Happily for us, Bean is a truly awesome guru guide to rethinking, in design mode, the way we put together courses and assignments in pursuit of good student writing and thinking. As he notes, research indicates that the relationship between student engagement and the amount and quality of writing in a course is stronger than the relationship between engagement and any other characteristic of the course (Bean 1). Whether the course is in the student’s major, whether the student likes the teacher – all are less significant than the amount and quality of the writing demanded by the course. So, there is an enormous potential for leveraging student engagement simply through better design decisions.
One thing that makes Engaging Ideas so approachable and practical, in my view at least, is its “toolkit” nature. In pages 2-10 of Chapter 1, Bean identifies 8 steps that can lead teachers toward better design decisions. Which one of these steps particularly caught your interest and why?
OK, now some briefer remarks on Chapter 2, “How Writing is Related to Critical Thinking,” starting with a few observations on my own experiences as a university student in different places and at various levels. No one encouraged me to explore ideas in informal writing, or to write a brouillon; no course I took was noticeably designed to introduce “beautiful problems;” if anyone talked about the dialogic nature of academic writing, I missed it; certainly no one taught the rhetorical “moves” of academic writing;” no one required multiple drafts or talked to me beyond superficialities about revision; no one offered rewrites! Various figures did harp on what Bean identifies as a positivist model of the writing process (33), but no class time was allotted to working on this process or discussing its preliminary products. And when it didn’t work for me, there was no discussion of alternative processes. In short, I went to university in the Dark Ages; maybe you did too? The was no explicit writing instruction to accompany the coverage of content. I wrote some “and then” and “all about” and “data dump” papers, but I must have written some good papers too, since intermittently I received brief end comments on my “talent” as a writer. What those talents were, exactly, I couldn’t make out. I had to do some reading and thinking, then, to catch up with the WAC and WID ideas and practices (Bean 19) which hadn’t yet made it through the walls of Western, U of T and McGill in the 1980s – but which are fundamental to the approaches outlined in this book.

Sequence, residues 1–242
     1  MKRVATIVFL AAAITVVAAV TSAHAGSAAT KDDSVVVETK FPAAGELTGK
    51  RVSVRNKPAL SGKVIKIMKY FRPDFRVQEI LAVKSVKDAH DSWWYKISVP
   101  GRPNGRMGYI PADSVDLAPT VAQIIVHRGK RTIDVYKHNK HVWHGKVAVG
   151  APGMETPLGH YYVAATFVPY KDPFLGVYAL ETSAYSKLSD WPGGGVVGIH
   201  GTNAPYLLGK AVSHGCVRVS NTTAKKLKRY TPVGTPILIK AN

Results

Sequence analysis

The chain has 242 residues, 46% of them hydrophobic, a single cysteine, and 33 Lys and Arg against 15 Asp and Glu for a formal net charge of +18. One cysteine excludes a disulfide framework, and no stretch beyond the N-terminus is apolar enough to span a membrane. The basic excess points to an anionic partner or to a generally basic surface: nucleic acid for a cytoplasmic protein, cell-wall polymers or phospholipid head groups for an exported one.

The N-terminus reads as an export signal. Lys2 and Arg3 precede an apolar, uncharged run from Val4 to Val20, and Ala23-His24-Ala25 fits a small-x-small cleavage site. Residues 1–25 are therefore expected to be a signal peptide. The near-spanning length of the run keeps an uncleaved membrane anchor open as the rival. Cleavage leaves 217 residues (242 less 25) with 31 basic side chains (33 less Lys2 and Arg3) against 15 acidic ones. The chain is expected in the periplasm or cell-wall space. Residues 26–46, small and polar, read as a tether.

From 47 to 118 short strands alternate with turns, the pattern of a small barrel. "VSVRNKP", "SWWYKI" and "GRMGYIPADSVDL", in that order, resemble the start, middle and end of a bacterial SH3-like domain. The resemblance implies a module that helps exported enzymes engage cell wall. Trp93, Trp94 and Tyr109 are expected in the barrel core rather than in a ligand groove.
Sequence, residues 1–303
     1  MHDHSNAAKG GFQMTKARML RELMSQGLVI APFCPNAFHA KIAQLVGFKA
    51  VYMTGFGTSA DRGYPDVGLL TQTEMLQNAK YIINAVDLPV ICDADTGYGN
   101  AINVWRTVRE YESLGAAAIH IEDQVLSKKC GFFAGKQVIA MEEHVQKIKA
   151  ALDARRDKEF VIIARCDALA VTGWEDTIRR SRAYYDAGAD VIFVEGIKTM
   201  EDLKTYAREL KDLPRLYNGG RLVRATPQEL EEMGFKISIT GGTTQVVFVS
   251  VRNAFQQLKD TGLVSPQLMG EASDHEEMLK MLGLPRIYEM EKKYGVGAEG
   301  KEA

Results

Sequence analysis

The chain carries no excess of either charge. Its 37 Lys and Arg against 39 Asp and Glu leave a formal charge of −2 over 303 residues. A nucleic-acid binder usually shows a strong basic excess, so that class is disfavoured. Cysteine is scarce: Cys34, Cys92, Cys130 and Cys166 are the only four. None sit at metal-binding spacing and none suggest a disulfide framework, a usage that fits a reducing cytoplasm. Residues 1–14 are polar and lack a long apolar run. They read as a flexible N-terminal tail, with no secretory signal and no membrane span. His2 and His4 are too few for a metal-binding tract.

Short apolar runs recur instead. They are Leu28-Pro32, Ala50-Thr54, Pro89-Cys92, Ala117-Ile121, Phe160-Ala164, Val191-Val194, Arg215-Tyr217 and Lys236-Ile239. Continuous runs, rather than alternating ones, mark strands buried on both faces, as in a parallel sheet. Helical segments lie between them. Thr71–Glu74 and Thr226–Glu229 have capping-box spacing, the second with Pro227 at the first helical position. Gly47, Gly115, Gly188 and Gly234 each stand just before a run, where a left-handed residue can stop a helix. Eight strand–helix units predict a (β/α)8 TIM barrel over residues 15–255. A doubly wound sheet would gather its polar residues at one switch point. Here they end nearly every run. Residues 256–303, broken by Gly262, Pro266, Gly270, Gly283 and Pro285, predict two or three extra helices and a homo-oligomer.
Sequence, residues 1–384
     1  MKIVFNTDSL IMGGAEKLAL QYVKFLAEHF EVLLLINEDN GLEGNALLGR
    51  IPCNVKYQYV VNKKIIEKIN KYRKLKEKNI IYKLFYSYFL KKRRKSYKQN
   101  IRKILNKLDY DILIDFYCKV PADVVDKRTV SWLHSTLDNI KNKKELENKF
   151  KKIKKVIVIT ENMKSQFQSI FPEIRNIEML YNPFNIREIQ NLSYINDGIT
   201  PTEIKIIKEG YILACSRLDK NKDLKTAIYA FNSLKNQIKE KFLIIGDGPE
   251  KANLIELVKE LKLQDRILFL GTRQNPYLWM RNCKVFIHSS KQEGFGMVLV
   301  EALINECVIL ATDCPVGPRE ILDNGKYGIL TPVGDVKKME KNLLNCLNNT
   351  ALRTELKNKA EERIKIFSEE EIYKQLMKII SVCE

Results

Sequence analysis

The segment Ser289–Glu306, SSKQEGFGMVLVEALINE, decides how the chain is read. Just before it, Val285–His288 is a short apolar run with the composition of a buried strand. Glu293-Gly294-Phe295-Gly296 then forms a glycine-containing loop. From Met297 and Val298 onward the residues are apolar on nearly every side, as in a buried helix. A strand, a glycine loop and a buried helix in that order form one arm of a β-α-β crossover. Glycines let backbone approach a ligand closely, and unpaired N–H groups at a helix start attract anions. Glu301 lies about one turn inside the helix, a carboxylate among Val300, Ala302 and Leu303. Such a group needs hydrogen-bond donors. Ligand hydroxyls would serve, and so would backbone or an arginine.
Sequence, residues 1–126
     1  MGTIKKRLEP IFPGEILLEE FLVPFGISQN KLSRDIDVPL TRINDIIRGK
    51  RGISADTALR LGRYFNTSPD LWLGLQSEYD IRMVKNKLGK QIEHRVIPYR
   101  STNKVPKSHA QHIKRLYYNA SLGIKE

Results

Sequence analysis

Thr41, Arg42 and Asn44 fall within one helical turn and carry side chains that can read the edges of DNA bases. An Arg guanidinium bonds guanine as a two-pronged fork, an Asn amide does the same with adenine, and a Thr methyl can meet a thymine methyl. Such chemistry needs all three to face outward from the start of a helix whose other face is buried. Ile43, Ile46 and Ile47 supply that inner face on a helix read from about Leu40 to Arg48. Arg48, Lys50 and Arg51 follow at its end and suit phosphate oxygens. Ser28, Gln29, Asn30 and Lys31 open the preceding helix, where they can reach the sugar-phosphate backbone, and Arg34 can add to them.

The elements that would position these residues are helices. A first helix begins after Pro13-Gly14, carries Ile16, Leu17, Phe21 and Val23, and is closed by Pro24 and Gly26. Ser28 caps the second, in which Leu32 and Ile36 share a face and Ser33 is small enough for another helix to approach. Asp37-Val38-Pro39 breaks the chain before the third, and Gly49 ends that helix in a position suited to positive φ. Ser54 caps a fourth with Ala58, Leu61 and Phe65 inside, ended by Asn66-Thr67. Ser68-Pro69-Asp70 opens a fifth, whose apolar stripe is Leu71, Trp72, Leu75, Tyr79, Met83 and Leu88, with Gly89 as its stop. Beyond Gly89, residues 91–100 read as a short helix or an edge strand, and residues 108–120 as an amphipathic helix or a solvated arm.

My profs had no Bean; happily, we do. Is there anything that you’d like to share or confess about your own formative academic writing experiences? As you think about your own student experiences and/or your own current teaching practices, is there any one of the strategies on pages 29-37 that strike you now as particularly important?
Over to you folks, then. Please have your say, brief or lengthy, before our first meeting on Sept 1.